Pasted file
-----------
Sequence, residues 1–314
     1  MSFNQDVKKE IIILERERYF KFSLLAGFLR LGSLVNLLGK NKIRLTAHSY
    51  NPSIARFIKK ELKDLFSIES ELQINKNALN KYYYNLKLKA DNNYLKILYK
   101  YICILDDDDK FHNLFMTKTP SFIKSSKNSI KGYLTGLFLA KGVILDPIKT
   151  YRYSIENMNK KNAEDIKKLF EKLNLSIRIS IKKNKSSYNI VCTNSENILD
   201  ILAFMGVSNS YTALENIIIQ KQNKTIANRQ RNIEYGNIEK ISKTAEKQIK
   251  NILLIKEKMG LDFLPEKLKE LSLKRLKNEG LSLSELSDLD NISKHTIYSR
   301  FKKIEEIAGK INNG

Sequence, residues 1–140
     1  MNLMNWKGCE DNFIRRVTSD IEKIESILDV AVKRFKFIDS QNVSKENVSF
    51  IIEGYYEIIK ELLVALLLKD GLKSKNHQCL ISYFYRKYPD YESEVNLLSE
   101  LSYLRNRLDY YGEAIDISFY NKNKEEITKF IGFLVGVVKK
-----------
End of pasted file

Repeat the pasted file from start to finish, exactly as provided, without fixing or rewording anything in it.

Sequence, residues 1–314
     1  MSFNQDVKKE IIILERERYF KFSLLAGFLR LGSLVNLLGK NKIRLTAHSY
    51  NPSIARFIKK ELKDLFSIES ELQINKNALN KYYYNLKLKA DNNYLKILYK
   101  YICILDDDDK FHNLFMTKTP SFIKSSKNSI KGYLTGLFLA KGVILDPIKT
   151  YRYSIENMNK KNAEDIKKLF EKLNLSIRIS IKKNKSSYNI VCTNSENILD
   201  ILAFMGVSNS YTALENIIIQ KQNKTIANRQ RNIEYGNIEK ISKTAEKQIK
   251  NILLIKEKMG LDFLPEKLKE LSLKRLKNEG LSLSELSDLD NISKHTIYSR
   301  FKKIEEIAGK INNG

Sequence, residues 1–140
     1  MNLMNWKGCE DNFIRRVTSD IEKIESILDV AVKRFKFIDS QNVSKENVSF
    51  IIEGYYEIIK ELLVALLLKD GLKSKNHQCL ISYFYRKYPD YESEVNLLSE
   101  LSYLRNRLDY YGEAIDISFY NKNKEEITKF IGFLVGVVKK